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To celebrate our Centenary, we have commissioned Sheffield poet and author Helen Mort to pen a tribute to Ethel’s legacy.

8th March 2024

Multi-award-winning Sheffield writer Helen Mort celebrates legacy of Sheffield-born countryside campaigner Ethel Haythornthwaite

A pioneer of the British countryside movement, Sheffield’s Ethel Haythornthwaite revolutionised access to the UK’s wild and varied landscapes – the result of tireless campaigning during the inter- and post-war years.

Founder of the Sheffield Association for the Protection of Rural Scenery in 1924 –which became the local branch CPRE in 1927 – Ethel worked to protect the countryside of the Peak District from inappropriate development. She forefronted a public appeal to save the 747-acre Longshaw Estate so that it could be gifted to the people of Sheffield, and helped acquire land around Sheffield that became its Green Belt. She was appointed to the UK government’s National Parks Committee and helped to make the successful case for the National Parks and Access to the Countryside Act of 1949, which led to the founding of the Peak District National Park in 1951. She also helped make Green Belts part of government policy in 1955.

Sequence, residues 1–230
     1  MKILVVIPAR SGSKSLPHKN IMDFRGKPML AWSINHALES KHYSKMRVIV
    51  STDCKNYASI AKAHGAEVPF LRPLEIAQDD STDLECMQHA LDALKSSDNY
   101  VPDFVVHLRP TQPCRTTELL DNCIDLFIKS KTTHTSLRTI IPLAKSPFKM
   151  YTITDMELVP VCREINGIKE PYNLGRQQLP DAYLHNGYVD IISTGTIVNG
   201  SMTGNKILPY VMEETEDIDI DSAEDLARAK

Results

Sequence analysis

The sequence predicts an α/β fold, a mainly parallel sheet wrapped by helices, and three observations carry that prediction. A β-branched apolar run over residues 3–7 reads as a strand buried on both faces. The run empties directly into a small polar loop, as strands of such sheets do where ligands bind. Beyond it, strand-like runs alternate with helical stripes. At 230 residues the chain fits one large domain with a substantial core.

To celebrate our Centenary in 2024, we have commissioned Sheffield poet and author Helen Mort to pen a tribute to Ethel’s legacy.

In Ethel, Helen writes a series of letters to Ethel’s memory, inspired by Ethel’s archive of correspondences, to which Helen was given unrestricted access. The book links the two female writers over the spectrum of time, each passionate about the beauty and accessibility of the Peak District and UK’s natural environments.

Helen Mort has published three poetry collections (Division Street, 2013; No Map Could Show Them, 2016; and The Illustrated Woman, 2022, shortlisted for the Forward Prize). She has also written a novel (Black Car Burning, 2019), a short story collection (Exire, 2019) and writes drama and creative non-fiction.

Order your copy of Ethel now.